The problems described above can be solved also by the wireless communication system described above in which each mobile station receives radio waves of all beam patterns from the remote base station and notifies the central base station of a beam received with a good quality, and the central base station determines the beam pattern to be transmitted to the mobile station accordingly.

The problems described above can be solved also by the wireless communication system described above in which the central base station estimates the position of the mobile station by predicting the direction in which radio waves come from the mobile station, and determines the beam pattern to be sent to the mobile station.

The problems described above can be solved also by the wireless communication system described above in which the central base station performs centralized management of the beam patterns to be sent to all the mobile stations.

The problems described above can be solved also by the wireless communication system described above in which the central base station holds the information of a combination of beam patterns causing interference between remote base stations and determines such a combination of mobile stations that radio waves sent from the remote base stations will not cause interference.

The problems described above can be solved also by the wireless communication system described above in which each mobile station measures radio waves sent from each remote base station, judges a beam pattern causing interference, and notifies the central base station of the beam pattern, and the central base station determines such a combination of mobile stations that radio waves sent from the remote base stations will not cause interference.

The problems described above can be solved also by the wireless communication system described above in which the beam patterns of radio waves to be checked for interference are selected in accordance with the communicating position of each mobile station, in the radio wave measurement of the mobile station.

A wireless communication system according to the present invention can suppress radio interference between base stations and can improve the efficiency of the downstream radio channel.

BRIEF DESCRIPTION OF THE DRAWINGS

FIG. 1 shows a radio-wave transmission pattern with a conventional technology.

FIG. 2 shows the configuration of a first embodiment of the present invention.

FIG. 3 shows a layout of remote base stations placed in cells according to the first embodiment of the present invention.

FIG. 4 shows a block diagram of the remote base station.

FIG. 5 shows a block diagram of a downstream fixed-beam forming circuit (DLFBF) in the remote base station.

FIG. 6 shows a block diagram of a central base station.

FIG. 7 shows a block diagram of an upstream fixed-beam forming circuit (ULFBF) in the central base station.

FIG. 8 shows a block diagram of a demodulator (DEM) in the central base station.

FIG. 9 shows a block diagram of a scheduling controller (SCH) in the central base station.

FIG. 10 shows a flow chart for scheduling algorithm.

FIG. 11 shows a beam transmission pattern.

FIG. 12 shows an example of packet scheduling of the mobile stations.

FIG. 13 shows an example of a mobile-station management table.

FIG. 14 shows an example of an interference table of the first embodiment of the present invention.

FIG. 15 shows one example of interference areas.

FIG. 16 shows a movement of a mobile station in the first embodiment.

FIG. 17 shows a block diagram of a mobile station of a second embodiment of the present invention.

FIG. 18 shows an example of an interference table of the second embodiment of the present invention.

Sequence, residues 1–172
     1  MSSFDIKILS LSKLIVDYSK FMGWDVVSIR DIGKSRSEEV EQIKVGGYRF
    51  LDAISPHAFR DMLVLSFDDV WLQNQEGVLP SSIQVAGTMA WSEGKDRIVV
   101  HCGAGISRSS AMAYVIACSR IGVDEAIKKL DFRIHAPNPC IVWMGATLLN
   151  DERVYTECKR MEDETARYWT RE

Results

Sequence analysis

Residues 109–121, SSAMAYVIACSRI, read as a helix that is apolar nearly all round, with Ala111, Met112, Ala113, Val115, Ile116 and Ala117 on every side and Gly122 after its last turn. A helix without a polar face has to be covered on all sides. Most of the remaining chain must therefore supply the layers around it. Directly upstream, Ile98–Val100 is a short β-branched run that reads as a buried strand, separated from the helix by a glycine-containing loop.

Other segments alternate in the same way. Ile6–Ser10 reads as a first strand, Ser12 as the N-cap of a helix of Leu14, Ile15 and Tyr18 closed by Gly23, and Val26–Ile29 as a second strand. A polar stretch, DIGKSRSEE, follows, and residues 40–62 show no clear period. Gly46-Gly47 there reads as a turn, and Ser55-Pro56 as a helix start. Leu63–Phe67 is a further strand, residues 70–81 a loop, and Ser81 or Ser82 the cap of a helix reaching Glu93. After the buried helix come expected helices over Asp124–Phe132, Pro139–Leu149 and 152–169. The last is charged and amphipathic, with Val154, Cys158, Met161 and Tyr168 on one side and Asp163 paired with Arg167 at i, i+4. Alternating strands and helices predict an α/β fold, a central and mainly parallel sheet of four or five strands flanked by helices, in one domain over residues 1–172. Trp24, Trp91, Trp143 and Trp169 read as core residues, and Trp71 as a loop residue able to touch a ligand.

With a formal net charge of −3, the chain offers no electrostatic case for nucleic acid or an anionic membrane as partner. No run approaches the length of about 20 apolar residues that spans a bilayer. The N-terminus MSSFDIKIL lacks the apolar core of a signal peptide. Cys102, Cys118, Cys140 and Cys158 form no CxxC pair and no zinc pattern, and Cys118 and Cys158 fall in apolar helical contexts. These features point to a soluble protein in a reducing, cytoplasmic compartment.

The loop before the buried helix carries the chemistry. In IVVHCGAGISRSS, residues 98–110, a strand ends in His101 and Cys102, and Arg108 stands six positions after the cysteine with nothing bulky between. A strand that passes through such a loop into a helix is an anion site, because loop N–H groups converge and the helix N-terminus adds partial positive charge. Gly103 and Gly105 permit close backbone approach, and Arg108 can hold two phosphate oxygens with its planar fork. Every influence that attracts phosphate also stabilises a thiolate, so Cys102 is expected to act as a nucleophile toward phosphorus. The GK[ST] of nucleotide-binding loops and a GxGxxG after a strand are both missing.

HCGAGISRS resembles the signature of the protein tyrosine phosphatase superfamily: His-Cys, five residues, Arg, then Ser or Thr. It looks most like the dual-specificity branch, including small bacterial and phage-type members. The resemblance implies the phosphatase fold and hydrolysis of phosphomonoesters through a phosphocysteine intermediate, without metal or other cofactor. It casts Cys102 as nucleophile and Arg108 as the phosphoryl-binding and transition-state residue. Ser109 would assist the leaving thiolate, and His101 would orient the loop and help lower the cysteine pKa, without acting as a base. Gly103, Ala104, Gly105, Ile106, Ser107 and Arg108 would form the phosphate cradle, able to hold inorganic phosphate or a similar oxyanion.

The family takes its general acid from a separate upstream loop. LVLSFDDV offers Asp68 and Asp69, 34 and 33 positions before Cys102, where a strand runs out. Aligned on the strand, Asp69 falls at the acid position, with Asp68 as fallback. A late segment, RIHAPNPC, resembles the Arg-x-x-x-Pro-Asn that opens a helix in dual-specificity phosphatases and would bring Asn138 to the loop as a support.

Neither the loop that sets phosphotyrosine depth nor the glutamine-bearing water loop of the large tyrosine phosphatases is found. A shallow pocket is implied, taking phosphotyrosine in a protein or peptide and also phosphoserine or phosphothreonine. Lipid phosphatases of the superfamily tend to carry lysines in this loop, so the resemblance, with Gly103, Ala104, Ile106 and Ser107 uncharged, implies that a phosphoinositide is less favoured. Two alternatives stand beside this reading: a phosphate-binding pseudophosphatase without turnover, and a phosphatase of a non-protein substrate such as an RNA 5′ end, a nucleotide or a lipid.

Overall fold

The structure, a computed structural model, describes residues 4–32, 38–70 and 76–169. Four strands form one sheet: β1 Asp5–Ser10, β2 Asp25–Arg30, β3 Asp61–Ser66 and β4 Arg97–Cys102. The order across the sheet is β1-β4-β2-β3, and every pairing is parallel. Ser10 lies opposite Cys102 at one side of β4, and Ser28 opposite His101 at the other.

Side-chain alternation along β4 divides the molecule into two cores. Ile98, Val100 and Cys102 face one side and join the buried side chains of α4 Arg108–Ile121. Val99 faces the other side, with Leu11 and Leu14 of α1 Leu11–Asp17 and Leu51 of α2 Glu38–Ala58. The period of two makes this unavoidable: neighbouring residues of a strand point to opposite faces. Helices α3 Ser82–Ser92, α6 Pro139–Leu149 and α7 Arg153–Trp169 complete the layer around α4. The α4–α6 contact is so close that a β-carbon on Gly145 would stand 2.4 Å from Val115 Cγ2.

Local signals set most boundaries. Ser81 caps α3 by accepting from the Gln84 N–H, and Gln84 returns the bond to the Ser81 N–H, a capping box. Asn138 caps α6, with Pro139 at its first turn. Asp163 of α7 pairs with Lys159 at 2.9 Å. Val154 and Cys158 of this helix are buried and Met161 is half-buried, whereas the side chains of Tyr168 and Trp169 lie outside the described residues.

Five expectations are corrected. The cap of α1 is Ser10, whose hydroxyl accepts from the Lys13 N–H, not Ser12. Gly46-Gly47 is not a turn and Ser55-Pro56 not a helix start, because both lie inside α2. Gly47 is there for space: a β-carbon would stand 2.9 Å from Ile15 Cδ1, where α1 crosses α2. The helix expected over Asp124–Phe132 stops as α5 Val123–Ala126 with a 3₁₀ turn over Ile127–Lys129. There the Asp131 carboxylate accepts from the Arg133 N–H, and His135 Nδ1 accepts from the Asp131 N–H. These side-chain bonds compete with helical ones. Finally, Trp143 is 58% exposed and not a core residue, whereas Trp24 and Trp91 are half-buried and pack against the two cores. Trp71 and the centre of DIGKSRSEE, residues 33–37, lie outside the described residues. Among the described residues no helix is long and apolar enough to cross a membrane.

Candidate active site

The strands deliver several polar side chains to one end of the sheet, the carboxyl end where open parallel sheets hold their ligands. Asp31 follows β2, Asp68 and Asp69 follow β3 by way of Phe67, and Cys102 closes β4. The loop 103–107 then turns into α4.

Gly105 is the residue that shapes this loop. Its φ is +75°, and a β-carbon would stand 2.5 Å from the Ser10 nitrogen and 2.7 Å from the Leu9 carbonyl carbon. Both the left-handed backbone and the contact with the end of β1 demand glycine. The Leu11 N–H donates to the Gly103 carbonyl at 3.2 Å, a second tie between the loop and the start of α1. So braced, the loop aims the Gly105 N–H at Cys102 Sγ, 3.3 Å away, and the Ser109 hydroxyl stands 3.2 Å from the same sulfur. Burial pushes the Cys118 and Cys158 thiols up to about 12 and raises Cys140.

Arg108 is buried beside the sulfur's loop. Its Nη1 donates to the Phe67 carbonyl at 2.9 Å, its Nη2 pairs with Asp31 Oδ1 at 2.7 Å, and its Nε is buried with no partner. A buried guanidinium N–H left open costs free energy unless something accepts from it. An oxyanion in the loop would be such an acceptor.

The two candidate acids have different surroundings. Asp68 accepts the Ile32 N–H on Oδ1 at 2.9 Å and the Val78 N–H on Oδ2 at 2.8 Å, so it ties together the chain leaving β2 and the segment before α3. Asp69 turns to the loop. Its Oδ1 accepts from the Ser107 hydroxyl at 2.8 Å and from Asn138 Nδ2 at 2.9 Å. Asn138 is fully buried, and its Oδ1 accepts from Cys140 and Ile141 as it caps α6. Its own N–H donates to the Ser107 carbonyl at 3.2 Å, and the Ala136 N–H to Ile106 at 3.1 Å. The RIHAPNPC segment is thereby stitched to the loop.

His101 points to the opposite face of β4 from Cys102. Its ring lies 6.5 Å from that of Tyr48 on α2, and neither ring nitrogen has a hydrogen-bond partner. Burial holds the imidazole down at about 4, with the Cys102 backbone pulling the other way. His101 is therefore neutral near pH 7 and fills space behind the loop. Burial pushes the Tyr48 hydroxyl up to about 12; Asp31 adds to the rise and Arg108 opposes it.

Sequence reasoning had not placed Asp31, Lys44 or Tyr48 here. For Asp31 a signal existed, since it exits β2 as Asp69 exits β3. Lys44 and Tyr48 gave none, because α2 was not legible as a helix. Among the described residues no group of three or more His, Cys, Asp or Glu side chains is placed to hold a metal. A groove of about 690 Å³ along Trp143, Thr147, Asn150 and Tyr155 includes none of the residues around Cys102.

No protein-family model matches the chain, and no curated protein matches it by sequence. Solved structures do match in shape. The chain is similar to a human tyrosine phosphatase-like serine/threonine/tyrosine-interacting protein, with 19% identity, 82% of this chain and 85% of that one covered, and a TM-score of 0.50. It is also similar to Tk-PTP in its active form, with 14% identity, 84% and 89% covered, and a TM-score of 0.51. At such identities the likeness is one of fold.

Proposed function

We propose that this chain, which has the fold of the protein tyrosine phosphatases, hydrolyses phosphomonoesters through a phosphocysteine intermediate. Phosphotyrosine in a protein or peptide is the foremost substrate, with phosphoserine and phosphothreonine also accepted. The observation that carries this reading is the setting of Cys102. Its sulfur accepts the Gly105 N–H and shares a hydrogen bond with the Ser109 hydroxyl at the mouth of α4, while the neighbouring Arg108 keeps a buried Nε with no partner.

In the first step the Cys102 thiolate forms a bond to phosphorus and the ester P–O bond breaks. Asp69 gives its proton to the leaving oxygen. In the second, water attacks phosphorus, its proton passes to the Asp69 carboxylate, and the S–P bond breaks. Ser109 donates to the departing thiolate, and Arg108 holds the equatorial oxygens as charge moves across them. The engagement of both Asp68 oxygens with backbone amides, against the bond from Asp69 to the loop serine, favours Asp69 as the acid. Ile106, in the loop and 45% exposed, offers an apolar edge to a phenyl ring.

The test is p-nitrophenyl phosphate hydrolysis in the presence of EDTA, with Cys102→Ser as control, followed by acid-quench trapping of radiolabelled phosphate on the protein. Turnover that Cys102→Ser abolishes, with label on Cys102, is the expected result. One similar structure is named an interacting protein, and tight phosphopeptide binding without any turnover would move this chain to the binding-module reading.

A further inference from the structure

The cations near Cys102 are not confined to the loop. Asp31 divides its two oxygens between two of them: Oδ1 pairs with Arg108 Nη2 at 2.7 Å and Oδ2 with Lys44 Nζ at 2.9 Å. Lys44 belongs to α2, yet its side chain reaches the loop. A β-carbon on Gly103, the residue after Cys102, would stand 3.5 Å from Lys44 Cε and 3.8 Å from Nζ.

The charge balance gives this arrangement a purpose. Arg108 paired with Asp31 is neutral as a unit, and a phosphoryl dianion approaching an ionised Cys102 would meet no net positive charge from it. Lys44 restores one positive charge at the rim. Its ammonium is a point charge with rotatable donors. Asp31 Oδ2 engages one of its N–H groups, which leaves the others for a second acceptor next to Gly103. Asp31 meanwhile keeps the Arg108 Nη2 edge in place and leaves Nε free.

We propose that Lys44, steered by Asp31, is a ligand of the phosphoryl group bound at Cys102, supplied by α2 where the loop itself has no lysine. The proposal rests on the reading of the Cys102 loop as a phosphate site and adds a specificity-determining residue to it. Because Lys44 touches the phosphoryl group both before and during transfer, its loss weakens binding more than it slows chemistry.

DESCRIPTION OF THE PREFERRED EMBODIMENTS

Embodiments of the present invention will be described below with reference to the drawings, but the present invention is not limited to those embodiments.

1. First Embodiment

FIG. 2 shows the configuration of a first embodiment of the present invention. As shown in the figure, a central base station 6 is connected to a network 7 and also to a plurality of remote base stations 4 through fiber-optic cables 5. The remote base station 4 perform wireless communication with a mobile station 2-1 selected from a plurality of mobile stations 2-1 to 2-2, by using a radio-wave beam formed by a direction-variable antenna 3.

FIG. 3 shows a layout of remote base stations 4 placed in cells. The central base station 6 controls a plurality of remote base stations 4-1 to 4-7 so that they send narrow-aperture radio-wave beams in the same frequency band of f1 in such directions that interference will not occur. The beam transmission directions can be switched at predetermined times so that communication can be performed with the mobile stations in all directions.

FIG. 4 shows a block diagram of the remote base station 4, which has the wireless control function of the conventional base station functions. The remote base station 4 includes an antenna module 3, duplexers (DUPs) 8, radio-frequency receivers (RXs) 9, a multiplexer (MUX) 10, an electric-to-optic (E/O) converter 11, fiber-optic cables 5, an optic-to-electric (O/E) converter 12, a demultiplexer (DEMUX) 13, a downstream fixed-beam forming circuit (DLFBF) 14, and radio-frequency transmitters (TXs) 15.

The upstream channel will be described first. The antenna module 3 has an antenna array which can form a highly directional beam pattern of 12 beams, for instance. The duplexer (DUP) 8 separates a transmission signal and a received signal. In a normal mobile communication system, the duplexer (DUP) 8 includes band selection filters for selecting the signals. The radio-frequency receiver (RX) 9 brings a signal from the corresponding antenna element of the antenna array to a certain level through amplification, frequency conversion, and the like, then converts the signal to a digital signal through A/D conversion. The multiplexer (MUX) 10 performs time-division multiplexing of the signal received by each antenna element and sent through the duplexer (DUP) 8 and the radio-frequency receiver (RX) 9, and converts the signal to serial data. The electric-to-optic (E/O) converter 11 converts the electric signal to an optical signal for fiber-optic transmission of the upstream signal to the central base station 6.